Four Ponds Trip Report

Map of the Maine Public Reserve Land Four Ponds Unit.

Date: February 22

Location: Height of Land, Four Ponds Public Reserve Land, Route 17, Township E

Trail:  Appalachian Trail Northbound

Distance: 7.4 miles (Sabbathday Pond roundtrip)

Info: Maine Trail Finder

One of the hidden gems of the Appalachian Trail in Maine, the Four Ponds area is generally not well travelled in either summer or winter (except for thru-hikers).  Due to the tranquil aspect and beautiful forest scenery, the hikes in this area never fail to disappoint.  The location on a high plateau provides for some rugged terrain and the snowcover is generally deeper than other lower elevation areas, too.

The Maine Appalachian Trail Land Trust has been guiding hikes for the public to the Four Ponds area for years, and its popularity has only increased.  The terrain is not steep like many sections of the A.T. and access to the trail here is from a public road (Route 17).  For this hike, we had four people meeting up on a Saturday morning, with the temperature hovering around zero but with light winds.

On the A.T. heading into the Four Ponds unit off Route 17.

We strongly encourage hikers to prepare for even lower temperatures than they might expect, since this tends to be a snow and cold section.  The group for this hike was experienced and well-prepared – though temperatures would rise nearly 40 degrees by the end of the day!  We set out from the Height of Land parking area on Route 17, which is the Rangeley Lakes Scenic Byway.  During the winter the parking lot – generally filled with cars during all hours summer – is not plowed, and you have to park approximately 1/4 mile north, in a snowmobile parking area on the right side of Route 17.  On this day, there was a small plowed area that fit two cars and we parked there.  Take care walking by the road!

The A.T. is just south of the parking area and we entered the woods after negotiating the ice-covered rocks by the side of the road.  Four Ponds does contain named mountains like Spruce Mountain (2,530 ft) and Four Ponds Mountain (2,925 ft) but these are relatively low and there is not significant elevation gain or loss on the section of the A.T. to Sabbathday Pond.  The trail immediately off Route 17 contains the steepest portion of the hike, gaining a few hundred feet of elevation in just a few tenths of a mile, but thereafter meanders up and down over knolls and these small mountains.  There hike is initially through an open mixed spruce-hardwood forest where the A.T. can be difficult to find in winter since you can’t see the footbed of the trail.  Our group lost the trail for about fifteen minutes before pressing on anyway and finding the trail pretty quickly thereafter.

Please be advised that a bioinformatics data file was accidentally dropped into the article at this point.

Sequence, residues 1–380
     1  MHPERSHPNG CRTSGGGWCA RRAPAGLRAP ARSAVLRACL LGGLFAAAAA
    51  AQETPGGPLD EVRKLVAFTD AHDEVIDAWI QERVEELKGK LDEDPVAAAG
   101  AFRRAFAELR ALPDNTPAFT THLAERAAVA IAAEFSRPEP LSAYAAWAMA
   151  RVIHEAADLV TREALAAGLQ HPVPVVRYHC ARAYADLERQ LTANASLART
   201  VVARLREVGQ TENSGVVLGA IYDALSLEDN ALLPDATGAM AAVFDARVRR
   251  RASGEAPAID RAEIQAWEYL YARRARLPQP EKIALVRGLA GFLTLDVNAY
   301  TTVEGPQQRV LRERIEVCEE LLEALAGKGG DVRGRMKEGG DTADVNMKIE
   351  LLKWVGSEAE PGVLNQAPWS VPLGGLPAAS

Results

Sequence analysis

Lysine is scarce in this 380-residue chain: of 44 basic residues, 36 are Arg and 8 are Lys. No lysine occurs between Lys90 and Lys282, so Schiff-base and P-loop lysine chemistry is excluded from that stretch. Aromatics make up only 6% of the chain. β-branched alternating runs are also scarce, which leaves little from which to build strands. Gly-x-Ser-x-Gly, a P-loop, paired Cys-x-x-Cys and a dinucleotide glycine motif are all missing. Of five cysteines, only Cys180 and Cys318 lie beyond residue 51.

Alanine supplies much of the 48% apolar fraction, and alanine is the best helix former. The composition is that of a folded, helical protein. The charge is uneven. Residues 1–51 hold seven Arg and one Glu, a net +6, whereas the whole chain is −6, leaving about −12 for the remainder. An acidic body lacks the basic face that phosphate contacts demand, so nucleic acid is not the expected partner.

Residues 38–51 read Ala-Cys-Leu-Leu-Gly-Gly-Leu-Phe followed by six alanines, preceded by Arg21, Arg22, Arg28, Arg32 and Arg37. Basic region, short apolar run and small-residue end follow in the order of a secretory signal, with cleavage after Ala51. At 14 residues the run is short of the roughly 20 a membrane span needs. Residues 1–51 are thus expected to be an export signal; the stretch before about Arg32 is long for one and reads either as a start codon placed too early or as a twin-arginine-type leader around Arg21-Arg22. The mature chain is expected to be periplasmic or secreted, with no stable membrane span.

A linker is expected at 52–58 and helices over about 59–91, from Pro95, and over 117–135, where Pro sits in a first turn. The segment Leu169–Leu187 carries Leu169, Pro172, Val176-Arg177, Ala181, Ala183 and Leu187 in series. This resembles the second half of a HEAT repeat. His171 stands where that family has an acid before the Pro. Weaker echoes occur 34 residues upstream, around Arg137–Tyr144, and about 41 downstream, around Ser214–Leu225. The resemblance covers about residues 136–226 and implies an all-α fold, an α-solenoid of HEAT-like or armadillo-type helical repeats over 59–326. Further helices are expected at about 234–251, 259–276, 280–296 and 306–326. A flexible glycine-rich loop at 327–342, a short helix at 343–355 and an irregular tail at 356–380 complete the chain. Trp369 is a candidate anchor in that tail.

Spruce forest on the slopes of Spruce Mountain.

The forest type then changes to a dense spruce-fir forest that in winter is tunnel-like and very quiet.  Sounds are muffled by the deep snow and all is quiet.  Normally you can hear snowmobiles on nearby trail networks, but on this day there were none.  We proceeded on towards the first of the “four ponds” – Moxie Pond.  First, we pass through one of the sublime areas of the A.T. in Maine, a forest of great beauty that is one of the highlights of the Four Ponds trek.

Lovely forest.

The forest surrounds Moxie Pond and Long Pond further on, which is the largest in the area, and for the third time in recent years we were treated to sets of Canada lynx tracks on the unbroken trail in front of us.  We stopped for lunch on the shore of Moxie Pond.

Moxie Pond.

At lunch, we assessed our progress and decided that we’d turn back.  Winter hikes prior to daylight savings have a short window where it’s safe to be out, and we were having a great time just taking it easy being out in the woods.  On previous winter trips we have made it to Long Pond and in the summer reaching the beach and lean-to at Sabbathday Pond is a fairly moderate hike (3.6 miles).  Having to break trail in snowshoes with four feet of snow on rugged terrain takes longer, and we were happy to turn around at about 1.8 miles.

One of the nice safety features of this hike is the fact that there’s a flat snowmobile trail bailout route (which is a woods road in warmer months that provides access to camps on the southern shore of Long Pond).  A hiker in our group was having some issues with boots causing discomfort and we decided to do him a favor and use the snowmobile trail for the portion of the return trip west of Moxie Pond.  It is easy to follow, flat and mostly downhill back to Route 17, where you have to walk along the road to get back to the parking area.  We chatted with a few passing snowmobilers on the way out, and were back at the cars by 2:30pm.

Join us for our next hike on March 21st to Little Bigelow Mountain!